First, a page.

AUCKLAND, Dec. 4 (Yonhap) -- South Korean President Moon Jae-in on Tuesday highlighted the importance of a proposed visit by North Korean leader Kim Jong-un to his country, saying it may help speed up the North's denuclearization process.
Moon said the proposed visit may also help ensure greater success in the second U.S.-North Korea summit, expected to be held early next year.
"There is a possibility that Chairman Kim Jong-un's Seoul visit may be made within the year," the president said in a joint press conference, with New Zealand Prime Minister Jacinda Ardern, held shortly after their bilateral summit in Auckland.
"But what is more important than whether the visit will be made within the year or not is that Chairman Kim's visit to Seoul may further promote North Korea's denuclearization and lead to greater progress," Moon told the press conference.
The South Korean president is on a three-day state visit to New Zealand that began Sunday.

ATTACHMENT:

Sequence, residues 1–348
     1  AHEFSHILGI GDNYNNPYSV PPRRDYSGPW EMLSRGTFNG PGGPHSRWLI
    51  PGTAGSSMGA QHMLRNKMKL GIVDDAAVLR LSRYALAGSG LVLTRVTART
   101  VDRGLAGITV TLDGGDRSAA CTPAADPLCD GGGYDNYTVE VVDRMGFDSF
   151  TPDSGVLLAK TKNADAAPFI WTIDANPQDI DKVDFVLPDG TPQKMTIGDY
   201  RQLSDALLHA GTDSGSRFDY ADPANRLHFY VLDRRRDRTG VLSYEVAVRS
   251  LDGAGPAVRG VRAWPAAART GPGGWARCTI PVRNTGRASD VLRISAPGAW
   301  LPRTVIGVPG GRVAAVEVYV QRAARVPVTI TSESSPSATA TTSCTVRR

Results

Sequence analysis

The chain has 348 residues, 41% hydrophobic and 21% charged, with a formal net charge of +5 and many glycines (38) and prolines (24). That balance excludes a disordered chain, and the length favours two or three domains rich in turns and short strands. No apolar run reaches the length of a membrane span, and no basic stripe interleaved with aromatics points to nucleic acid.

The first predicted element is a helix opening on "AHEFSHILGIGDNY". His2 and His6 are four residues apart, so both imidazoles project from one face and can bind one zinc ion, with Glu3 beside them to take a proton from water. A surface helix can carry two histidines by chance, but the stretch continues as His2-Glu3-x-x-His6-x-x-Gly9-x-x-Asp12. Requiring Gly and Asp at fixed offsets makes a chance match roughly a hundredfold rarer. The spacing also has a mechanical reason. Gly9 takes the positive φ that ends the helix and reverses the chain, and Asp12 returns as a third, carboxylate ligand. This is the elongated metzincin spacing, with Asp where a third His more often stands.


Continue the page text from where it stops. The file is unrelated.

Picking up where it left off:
Kim agreed to denuclearize his country in his three meetings with the South Korean president this year, as well as in the first-ever U.S.-North Korea summit held in June.
U.S. President Donald Trump has agreed to meet Kim for their second bilateral meeting.
Moon said he will seek to ensure the success of the second Trump-Kim meeting, should Kim decide to visit his country before the U.S.-North Korea summit.
He said Kim's trip to Seoul, if made, will also be a historical event in itself, noting no North Korean leader has visited the South Korean capital since the division of the two Koreas in 1948.
The two Koreas technically remain at war as the 1950-53 Korean War ended only with an armistice.
Source: Yonhap News Agency